2008 Dell Social Innovation Challenge Winner: Husk Power Systems
In India, 70 percent of its population lives in the countryside, scattered among 80,000 villages, many of which are situated in rugged terrain and inaccessible locations. Not surprisingly, most of these remote villages are off the national electric power grid. Some villages exist with an extremely low and irregular electricity supply, frequently depending on diesel or kerosene-powered generators. Many others simply have no electricity at all. That’s how Manoj Sinha grew up, reading by a gas lamp or traveling miles to an electrical supply.
|A bright student, Manoj was haunted by his energy-starved childhood and dreamed of bringing power to rural villages like his. |
Fortunately, he found others who shared his vision at the University of Virginia’s (UVA) Darden School of Business while earning a master’s of business administration. Manoj teamed with fellow students Charles "Chip" Ransler and Gyanesh Pandey to form Husk Power Systems (HPS).
Their novel venture, which burns agricultural waste into low-cost electricity, won the grand prize in the 2008 Dell Social Innovation Challenge.
|The Dell Social Innovation Challenge|
The University of Texas, with support from Dell, is building a global community of student innovators through our annual Dell Social Innovation Challenge and providing them with business mentors and cash prizes to solve the world's most pressing social issues. Since the challenge began in 2007, more than 15,000 students from 90 countries have proposed more than 3,000 ideas for tackling social and environmental problems. We’ve awarded more than $350,000 to teams from around the world who’ve had the courage, vision and passion to turn their "What Ifs" into action. Learn more about the challenge.
|400 million people in rural India have no access to electricity. Others either have limited access to electricity or rely on power generated by nonrenewable sources such as kerosene and coal. Lack of electricity hinders education, business and agriculture among the 70 percent of India’s population who live in villages.||Use rice husks, a plentiful, renewable resource, to produce affordable, clean, locally generated electricity. This overcomes difficulties associated with centralized power generation, insufficient distribution, affordability and environmental impact.||Sixty minipower plants are powering 25,000 households in more than 25 villages and hamlets at a cost of approximately $1 per watt of generation — the cheapest capital cost in the world.|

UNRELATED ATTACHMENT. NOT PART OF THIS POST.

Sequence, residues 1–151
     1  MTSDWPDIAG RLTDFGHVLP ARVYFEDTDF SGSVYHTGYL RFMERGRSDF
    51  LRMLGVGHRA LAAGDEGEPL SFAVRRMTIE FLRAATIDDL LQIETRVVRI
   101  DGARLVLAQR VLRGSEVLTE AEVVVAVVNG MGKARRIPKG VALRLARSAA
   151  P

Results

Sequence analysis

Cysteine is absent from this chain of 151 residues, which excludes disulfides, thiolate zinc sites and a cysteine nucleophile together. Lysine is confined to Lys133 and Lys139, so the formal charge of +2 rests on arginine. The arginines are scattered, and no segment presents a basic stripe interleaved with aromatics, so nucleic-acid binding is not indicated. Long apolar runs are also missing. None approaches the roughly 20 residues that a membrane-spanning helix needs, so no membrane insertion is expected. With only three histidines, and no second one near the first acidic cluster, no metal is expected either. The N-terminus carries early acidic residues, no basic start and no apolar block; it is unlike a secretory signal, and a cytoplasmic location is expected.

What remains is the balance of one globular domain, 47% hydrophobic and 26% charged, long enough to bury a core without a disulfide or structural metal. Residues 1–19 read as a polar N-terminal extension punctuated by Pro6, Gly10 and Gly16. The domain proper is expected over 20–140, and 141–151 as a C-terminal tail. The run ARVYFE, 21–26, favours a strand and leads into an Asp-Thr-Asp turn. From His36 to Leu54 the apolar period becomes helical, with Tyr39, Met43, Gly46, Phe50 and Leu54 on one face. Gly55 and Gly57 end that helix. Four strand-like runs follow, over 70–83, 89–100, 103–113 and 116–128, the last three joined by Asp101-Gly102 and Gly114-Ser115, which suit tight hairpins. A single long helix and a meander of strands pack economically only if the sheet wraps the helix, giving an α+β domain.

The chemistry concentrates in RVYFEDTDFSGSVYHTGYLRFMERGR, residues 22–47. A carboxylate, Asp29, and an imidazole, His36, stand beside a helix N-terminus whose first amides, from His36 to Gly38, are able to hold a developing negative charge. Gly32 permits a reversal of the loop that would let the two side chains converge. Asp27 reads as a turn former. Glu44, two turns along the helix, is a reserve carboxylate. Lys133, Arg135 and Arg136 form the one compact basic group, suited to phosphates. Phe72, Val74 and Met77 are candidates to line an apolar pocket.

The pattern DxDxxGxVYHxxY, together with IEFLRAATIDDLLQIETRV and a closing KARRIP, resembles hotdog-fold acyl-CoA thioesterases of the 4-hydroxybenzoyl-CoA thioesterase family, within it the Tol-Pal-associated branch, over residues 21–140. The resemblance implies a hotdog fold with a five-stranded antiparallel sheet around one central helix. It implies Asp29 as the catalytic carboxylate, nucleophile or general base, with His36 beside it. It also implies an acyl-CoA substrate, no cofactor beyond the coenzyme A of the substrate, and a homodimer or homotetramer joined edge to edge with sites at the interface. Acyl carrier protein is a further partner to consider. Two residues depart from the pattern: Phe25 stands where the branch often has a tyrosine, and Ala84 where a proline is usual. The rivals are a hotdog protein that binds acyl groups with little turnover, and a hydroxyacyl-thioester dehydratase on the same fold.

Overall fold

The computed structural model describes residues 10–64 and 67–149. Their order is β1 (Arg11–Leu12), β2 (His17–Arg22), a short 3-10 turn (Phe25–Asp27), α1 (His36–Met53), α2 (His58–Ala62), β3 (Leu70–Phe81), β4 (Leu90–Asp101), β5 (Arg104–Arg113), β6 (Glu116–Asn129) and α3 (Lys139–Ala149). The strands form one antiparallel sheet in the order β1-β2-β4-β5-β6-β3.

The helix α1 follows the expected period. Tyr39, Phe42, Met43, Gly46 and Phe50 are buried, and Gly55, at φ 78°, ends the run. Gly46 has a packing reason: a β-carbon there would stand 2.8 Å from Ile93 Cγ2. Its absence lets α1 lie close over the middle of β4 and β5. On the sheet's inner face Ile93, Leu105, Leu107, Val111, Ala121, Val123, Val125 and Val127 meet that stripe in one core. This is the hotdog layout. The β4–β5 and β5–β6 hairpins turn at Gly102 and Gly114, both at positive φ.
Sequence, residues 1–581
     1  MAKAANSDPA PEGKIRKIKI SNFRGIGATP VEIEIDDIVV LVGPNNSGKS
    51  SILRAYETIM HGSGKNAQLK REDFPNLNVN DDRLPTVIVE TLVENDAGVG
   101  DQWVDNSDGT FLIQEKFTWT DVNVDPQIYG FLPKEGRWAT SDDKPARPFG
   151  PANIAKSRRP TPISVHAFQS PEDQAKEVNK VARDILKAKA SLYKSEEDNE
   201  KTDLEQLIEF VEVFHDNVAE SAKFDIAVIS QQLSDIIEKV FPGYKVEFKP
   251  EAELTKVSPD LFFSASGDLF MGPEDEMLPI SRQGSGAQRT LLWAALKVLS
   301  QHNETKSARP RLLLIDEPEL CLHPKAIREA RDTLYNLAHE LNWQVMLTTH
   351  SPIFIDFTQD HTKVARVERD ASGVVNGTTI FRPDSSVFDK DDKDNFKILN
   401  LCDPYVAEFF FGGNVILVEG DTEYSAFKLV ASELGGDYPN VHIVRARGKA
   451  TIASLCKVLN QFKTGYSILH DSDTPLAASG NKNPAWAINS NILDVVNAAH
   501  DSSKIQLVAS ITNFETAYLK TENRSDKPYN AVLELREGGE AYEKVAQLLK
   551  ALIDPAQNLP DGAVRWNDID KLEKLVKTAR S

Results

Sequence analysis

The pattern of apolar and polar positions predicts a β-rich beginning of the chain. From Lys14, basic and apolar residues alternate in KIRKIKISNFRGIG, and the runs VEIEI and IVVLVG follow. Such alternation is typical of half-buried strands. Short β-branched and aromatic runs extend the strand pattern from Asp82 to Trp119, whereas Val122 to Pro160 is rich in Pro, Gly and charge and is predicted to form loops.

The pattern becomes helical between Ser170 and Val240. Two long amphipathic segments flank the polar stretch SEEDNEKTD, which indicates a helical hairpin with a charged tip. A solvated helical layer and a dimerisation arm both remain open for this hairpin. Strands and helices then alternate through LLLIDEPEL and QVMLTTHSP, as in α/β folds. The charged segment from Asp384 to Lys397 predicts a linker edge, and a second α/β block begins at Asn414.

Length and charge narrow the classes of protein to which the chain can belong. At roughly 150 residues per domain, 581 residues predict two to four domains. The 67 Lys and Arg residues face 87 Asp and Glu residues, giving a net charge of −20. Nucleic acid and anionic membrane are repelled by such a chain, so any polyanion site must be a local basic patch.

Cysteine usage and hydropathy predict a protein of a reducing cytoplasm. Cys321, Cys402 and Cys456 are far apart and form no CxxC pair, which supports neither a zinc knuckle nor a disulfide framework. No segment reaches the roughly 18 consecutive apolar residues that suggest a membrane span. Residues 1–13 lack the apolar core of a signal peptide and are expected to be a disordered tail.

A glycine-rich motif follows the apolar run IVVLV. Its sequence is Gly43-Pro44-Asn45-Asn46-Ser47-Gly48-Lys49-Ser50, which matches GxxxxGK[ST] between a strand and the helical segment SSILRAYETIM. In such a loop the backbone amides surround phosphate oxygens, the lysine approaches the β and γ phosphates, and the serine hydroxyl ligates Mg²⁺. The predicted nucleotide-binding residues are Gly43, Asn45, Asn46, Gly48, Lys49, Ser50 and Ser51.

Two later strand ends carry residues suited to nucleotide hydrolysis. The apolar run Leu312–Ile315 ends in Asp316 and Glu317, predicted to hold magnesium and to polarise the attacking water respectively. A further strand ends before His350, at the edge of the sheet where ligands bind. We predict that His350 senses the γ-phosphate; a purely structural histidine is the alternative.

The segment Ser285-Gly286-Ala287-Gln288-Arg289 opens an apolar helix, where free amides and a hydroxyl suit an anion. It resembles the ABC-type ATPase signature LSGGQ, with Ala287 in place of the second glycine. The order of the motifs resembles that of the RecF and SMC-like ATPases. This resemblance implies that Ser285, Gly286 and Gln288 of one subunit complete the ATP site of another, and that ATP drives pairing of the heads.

The rewards of winning
HPS began with a single power plant in August 2007, when the team electrified its first village in Bihar, the home state of Manoj and Gyanesh, with a 100-percent biomass-powered plant. The company uses a proprietary technology to convert a plentiful resource, discarded rice husks, into electricity. Agricultural waste such as rice husks are frequently burned to generate heat in the developing world, but are not often used for generating electricity.
Winning the Dell Social Innovation Challenge in 2008 marked a turning point in the growth of Husk Power Systems. The prize money enabled the start-up to expand, and the recognition catapulted their venture onto the national scene. That same year, HPS was named Social Entrepreneurs of the Year in 2008 by FastCompany, the team members were named Pop!Tech Fellows and the venture won a Shell Foundation Grant. Since then the enterprise has garnered even more awards, which have helped attract venture capital funds.
"This enabled us to expand our base to about 36,000 people and helped legitimize our business in the eyes of the investment community," Manoj recalled.
Since winning, HPS’ growth has been explosive. HPS has trained and employs more than 300 local people. It already operates about 85 power plants reaching 375 villages and has saved $1.25 million for the households it serves. Its ambitious growth plans call for installing more than 2,000 plants and recruiting 7,500 people from villages over the coming years. Funding from the Africa Enterprise Challenge Fund will underwrite installation of up to 20 plants in rural Tanzania and a pilot project of five power plants in Uganda.
Turning agriculture into rice-fired electricity
HPS provides low-cost power as a pay-for-usage service, which is similar that of utilities in the U.S. Access to affordable energy has transformed the lives of villagers in many ways, including:
- Farmers have reduced irrigation costs by 45 percent.
- Entrepreneurs can create businesses and increase profit margins.
- Households dramatically reduce cost/lumen-output ratio (more than 200 percent savings).
- Productivity increases as fuel doesn’t have to be procured on foot from cities that are usually five to seven miles away.
- Ash from burning the rice husks can be used as fertilizer or as a low-cost ingredient for cement.
More than 50 tons of CO2 have been sequestered.